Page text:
One of the best features that Android provides to the users is customization. Since it’s inception, Android has provided the capability to customize the UI to the hardware manufacturers as well as app developers. Often called “Home Screen Replacements” or “Launchers”, there exists a large number of apps available that can provide a high level of customization by just installing the application. Go Launcher EX is one of those such apps. Created by the GO Dev Team, the Go Launcher is extremely popular and has a growing list of features and users. As of this post, it has a 4.5 out of 5 star rating on the Android Market with over 209,000 reviews and this app is free.
Let’s start with the details of the application and the methods for testing and reviewing. The app weighs in at 4.0MB which isn’t terribly high, but definitely higher than ADWLauncher EX at 1.6MB and Launcher Pro at 2.1MB. This application is free off the Android Market, which makes a nice easy decision if you want to try it out. No worries about later regretting a purchase. I have it installed on a stock Motorola Atrix 4G, simply running in place of the Motoblur home screen app. I have used it now for over 4 weeks and feel I’ve tried nearly every feature and setting available. During that time Go Launcher EX has updated with minor additions and fixes several times. Each time the update was smooth with no adverse affects. I consider that a good thing, the devs are actively working on any problems as well as adding additional features.
Per the description found on the Android Market:
GO Launcher Ex, the extended version of GO Launcher, is the most popular home app in Android Market. It supports customizable home makeover, themes, smooth operation experience as well as various practical utilities. It brings you a fresh and extraordinary mobile operation experience.
- Thousands of personalized theme (Free downloads)
- Featured widgets, such as GO Calendar, GO Task Manager and GO Clock
- Extremely fancy home screen transition
- Smooth flipping experience
- User-defined folder to easily categorize apps
- Set icon sorting, hide app icon and uninstall apps
Like most popular launchers on the market, Go Launcher EX (GLE) provides a few additional UI features not found on the stock launcher applications on most Android phones such as theming. Themes have become a big market and a number of themes, both free and paid, exist for the GLE. The Go Dev Team has created a small GO community of apps that include several widgets, the launcher, a store and a lock screen replacement app. All of these are tightly integrated so that the user can easily control and access each through each other. You don’t need to install any GO widgets to take advantage of GLE, but if you want to, you can do so easily through the Go Store or the settings menu of the GLE.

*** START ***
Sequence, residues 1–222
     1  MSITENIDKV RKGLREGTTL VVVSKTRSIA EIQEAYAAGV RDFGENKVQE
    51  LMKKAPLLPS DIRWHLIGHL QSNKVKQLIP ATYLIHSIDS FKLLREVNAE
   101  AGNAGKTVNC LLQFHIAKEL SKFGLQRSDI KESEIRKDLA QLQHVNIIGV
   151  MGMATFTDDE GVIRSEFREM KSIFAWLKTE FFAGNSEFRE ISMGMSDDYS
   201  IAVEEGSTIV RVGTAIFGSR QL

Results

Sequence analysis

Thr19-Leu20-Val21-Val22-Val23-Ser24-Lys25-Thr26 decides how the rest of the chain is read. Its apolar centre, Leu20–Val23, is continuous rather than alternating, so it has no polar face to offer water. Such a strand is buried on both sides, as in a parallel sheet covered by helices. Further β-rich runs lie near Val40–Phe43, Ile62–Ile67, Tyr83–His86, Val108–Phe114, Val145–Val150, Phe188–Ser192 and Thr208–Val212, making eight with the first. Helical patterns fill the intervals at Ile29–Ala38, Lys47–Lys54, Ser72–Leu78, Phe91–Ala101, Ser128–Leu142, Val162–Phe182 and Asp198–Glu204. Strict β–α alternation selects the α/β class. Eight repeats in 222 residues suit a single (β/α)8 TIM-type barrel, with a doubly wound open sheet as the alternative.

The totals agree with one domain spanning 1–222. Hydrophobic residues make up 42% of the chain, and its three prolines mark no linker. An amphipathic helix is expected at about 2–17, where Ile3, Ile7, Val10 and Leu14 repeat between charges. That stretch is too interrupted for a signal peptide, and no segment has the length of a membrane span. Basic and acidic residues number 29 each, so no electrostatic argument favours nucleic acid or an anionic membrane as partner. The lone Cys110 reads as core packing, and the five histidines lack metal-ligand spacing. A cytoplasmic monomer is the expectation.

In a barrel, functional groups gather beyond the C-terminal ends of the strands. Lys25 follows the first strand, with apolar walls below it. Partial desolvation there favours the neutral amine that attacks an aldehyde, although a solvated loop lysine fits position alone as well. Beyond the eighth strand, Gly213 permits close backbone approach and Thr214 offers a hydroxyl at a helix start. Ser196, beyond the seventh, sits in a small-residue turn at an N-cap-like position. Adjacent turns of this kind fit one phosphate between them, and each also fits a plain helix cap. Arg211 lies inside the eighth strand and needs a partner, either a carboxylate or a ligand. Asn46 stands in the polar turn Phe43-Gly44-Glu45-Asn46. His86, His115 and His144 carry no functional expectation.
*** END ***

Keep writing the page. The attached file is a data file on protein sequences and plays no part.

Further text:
All the additional features and settings for GLE can be accessed by pressing the MENU button while on your home screen. GLE adds a few extra options in the MENU, including a direct link to Themes, the GO Store, Edit and Preferences to name a few. Preferences carries all the system wide adjustments and settings found in GLE. The main settings are broken down into groups; Character Settings – changes to Icon sizes and fonts, Screen Settings – which is your desktop settings including icon arrangement, wallpaper mode and scroll transitions, App Drawer settings – similar to the screen settings but specific to the app drawer, Effects settings – all the fancy transitions, Operation Settings – physical swipe features, and Advanced settings – for those settings not falling into the first groups. I’m not going to go through each feature, but I’ll highlight some of the unique or interesting features in this review.
The UI interface changes aren’t just graphical either. The user can make many adjustments such as transitions. There are 17 different desktop transitions available for when you are swiping from one home screen to another. I personally leave it at “Default”, but there are many to try and make it your own. In the app drawer, GLE provides different styles, from the standard vertical scroll, to a more iOS like horizontal multi-screen setup. Of course, should you choose the later, the same type of transition effects exist for changing each screen of your app drawer that exist for the desktop screens. Additionally, in your app drawer, you can group apps into folders. For the entire launcher, home screen and app drawer, GLE adds a long press quick menu. You can uninstall apps from this quick menu, rename, change the icon, etc. It makes for a fast way to change and customize without digging through many menu levels.